A new Harvard study throws cold water on characterizing the breaching of the Capitol by rioters on Jan. 6, 2021, as an “insurrection.”
According to the study conducted by the Harvard Kennedy School’s Shorenstein Center on Media, Politics and Public Policy, more than 40 percent of rioters were motivated by former President Donald Trump’s claims the 2020 presidential election was stolen from him, as well as a desire to see him re-elected.
According to The Harvard Crimson, researchers found that 20.6 percent of rioters were motivated by wanting to support Trump, while another 20.6 percent of rioters cited Trump’s election claims as the reason they stormed the U.S. Capitol more than 18 months ago in a bid to thwart certification of now-President Joe Biden’s election.
Less than 8 percent were motivated by a “desire to start a civil war or an armed revolution,” the Crimson reported.
The study has been released as a working paper because it has not yet been peer-reviewed, according to the Crimson. It is titled, “‘President Trump Is Calling Us to Fight’: What the Court Documents Reveal About the Motivations behind January 6 and Networked Incitement.”
It found a smattering of other causes as well, including “pursuit of historical significance” (7.43 percent), “protect the country or ‘take back'” the country” (5.76 percent), and even “Marxism, socialism, communism” (5.76 percent).
Study authors Joan Donovan, Kaylee Fagan and Frances E. Lee wrote that their analysis found the largest portion of defendants were “motivated, in part, to invade the U.S. Capitol Building by Donald Trump,” according to the Crimson.
Donovan is research director at the Shorenstein Center. Fagan is a Shorenstein research fellow. Lee is a professor of politics and acting chairwoman of the department of politics at Princeton University.
The report explained how the former president was able to persuade a number of his supporters that the country faced a catastrophe.
“The documents show that Trump and his allies convinced an unquantifiable number of Americans that representative democracy in the United States was not only in decline, but in imminent, existential danger,” the study said.
“This belief translated into a widespread fear of democratic and societal breakdown, which, in turn, motivated hundreds of Americans to travel to D.C. from far corners of the country in what they were convinced was the nation’s most desperate hour.”
In other words, it was the exact opposite of “insurrection.”
While the Harvard study is not complimentary toward Trump, of course, in that it paints a picture of a cult of personality as the main reason for the violence, it does damage the narrative put forth by Democrats and the mainstream media that an “insurrection” took place that day.
An insurrection has traditionally been defined as an organized attempt by a group of people to defeat their government and take control of their country, usually by violence.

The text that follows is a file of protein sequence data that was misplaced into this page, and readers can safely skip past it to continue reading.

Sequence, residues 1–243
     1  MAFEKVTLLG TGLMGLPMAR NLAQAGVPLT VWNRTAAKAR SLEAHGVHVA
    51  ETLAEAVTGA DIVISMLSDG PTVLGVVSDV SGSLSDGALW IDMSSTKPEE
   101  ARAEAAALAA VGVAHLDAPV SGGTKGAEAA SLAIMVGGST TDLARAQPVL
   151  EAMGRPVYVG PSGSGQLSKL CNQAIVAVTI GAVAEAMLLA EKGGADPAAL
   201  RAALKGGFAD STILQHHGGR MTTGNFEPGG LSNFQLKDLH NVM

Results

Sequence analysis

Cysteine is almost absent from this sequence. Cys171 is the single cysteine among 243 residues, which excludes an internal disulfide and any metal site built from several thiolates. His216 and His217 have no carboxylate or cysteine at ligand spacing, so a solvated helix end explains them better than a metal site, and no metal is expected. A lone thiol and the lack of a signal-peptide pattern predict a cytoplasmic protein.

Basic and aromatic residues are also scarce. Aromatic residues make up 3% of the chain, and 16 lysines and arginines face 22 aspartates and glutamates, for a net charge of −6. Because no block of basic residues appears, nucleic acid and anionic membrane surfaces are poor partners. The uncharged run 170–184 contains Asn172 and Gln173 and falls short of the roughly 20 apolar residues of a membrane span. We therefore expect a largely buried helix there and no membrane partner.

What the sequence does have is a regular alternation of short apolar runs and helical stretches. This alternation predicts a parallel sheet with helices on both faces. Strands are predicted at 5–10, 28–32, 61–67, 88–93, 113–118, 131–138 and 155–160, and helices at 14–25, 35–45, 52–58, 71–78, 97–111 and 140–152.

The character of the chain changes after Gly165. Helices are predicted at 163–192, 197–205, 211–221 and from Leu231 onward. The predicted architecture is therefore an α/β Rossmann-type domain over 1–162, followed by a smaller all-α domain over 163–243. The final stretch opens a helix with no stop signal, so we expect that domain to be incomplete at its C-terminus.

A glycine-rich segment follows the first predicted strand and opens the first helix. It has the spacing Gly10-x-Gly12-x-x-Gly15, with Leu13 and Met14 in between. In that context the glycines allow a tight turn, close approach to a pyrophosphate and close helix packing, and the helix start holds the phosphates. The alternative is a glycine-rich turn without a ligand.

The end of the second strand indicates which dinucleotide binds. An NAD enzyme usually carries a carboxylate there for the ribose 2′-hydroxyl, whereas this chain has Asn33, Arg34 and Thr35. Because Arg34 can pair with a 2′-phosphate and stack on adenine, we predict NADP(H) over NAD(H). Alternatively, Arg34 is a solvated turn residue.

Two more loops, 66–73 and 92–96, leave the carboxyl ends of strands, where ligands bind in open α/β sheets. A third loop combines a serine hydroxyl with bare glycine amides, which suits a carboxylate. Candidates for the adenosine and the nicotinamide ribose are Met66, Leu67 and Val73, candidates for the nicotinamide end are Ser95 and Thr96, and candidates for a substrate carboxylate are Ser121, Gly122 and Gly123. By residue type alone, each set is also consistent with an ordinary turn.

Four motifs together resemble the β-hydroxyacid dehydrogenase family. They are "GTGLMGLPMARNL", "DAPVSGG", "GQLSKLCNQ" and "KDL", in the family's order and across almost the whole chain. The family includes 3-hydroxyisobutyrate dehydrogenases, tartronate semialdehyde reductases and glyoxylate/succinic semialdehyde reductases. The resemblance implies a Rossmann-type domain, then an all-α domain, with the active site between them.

As legal scholar Jonathan Turley wrote, the study showed that while there was violence involved in the Capitol incursion, the attack was not a serious, organized attempt to take over the U.S. government.
In his online column “Res ipsa loquitur – The thing itself speaks,” Turley, a professor at George Washington University wrote:
“Once again, none of this exonerates or excuses those who rioted on January 6th or those who fueled the riot. However, the use of ‘insurrection’ by the politicians, pundits, and the press is not an accurate characterization of the motivation of most of the people who went to the Capitol on that day. It was clear that this was a protest that became a riot.”
Turley went on to say that most of the people who showed up in the nation’s capital on Jan. 6, 2021, only wanted to peacefully protest.
“There is no question that there were people who came prepared for such a riot, including some who are extremists who likely would have welcomed a civil war,” Turley wrote. “Yet, the vast majority of people on that day were clearly present to protest the certification and wanted Republicans to join those planning to challenge the election.”
Labeling the awful events of that day as an “insurrection” is all about politics, according to Turley.
“It is possible to express revulsion about what happened on Jan. 6th without claiming that this was an insurrection and attempt to overthrow the nation,” he concluded. “This was a collective tragedy for the entire nation, a desecration of our constitutional process. The effort to mandate ‘insurrection’ as the only acceptable description prevents the country from speaking with a unified voice. It clearly serves political purposes but only makes a national resolution more difficult as we approach a new presidential election.”
It’s unclear what, if any, impact the Harvard study will have on the House select committee investigating what happened on Jan. 6, 2021, but it certainly provides ammunition to those who think the committee is in a clearly wrong direction.
As the only Republican on the committee who is seeking re-election this year, possibly no House member should be getting that message more than Liz Cheney.
Earlier this month, Cheney, a Wyoming Republican and the panel’s vice chairwoman, told ABC News that a decision on criminal referrals is in the works.
“We’ll make a decision as a committee about it,” she said when asked about the prospect of referring Trump for prosecution, as Breitbart reported.
“The Justice Department doesn’t have to wait for the committee to make a criminal referral, and there could be more than one criminal referral,” Cheney said.
Cheney has essentially staked her political career on smearing Trump and his supporters over the events of Jan. 6, 2021, and painting their actions as an “insurrection.”
This study isn’t going to help that at all.
This article appeared originally on The Western Journal.
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